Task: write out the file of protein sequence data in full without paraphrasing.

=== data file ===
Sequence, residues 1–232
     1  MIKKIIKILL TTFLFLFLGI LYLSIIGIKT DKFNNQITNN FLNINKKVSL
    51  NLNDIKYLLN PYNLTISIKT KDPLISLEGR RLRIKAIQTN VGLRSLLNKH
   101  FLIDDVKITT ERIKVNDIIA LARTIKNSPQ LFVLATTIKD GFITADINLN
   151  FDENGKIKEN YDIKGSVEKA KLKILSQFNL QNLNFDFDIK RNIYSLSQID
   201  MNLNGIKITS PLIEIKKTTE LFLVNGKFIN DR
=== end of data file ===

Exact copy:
Sequence, residues 1–232
     1  MIKKIIKILL TTFLFLFLGI LYLSIIGIKT DKFNNQITNN FLNINKKVSL
    51  NLNDIKYLLN PYNLTISIKT KDPLISLEGR RLRIKAIQTN VGLRSLLNKH
   101  FLIDDVKITT ERIKVNDIIA LARTIKNSPQ LFVLATTIKD GFITADINLN
   151  FDENGKIKEN YDIKGSVEKA KLKILSQFNL QNLNFDFDIK RNIYSLSQID
   201  MNLNGIKITS PLIEIKKTTE LFLVNGKFIN DR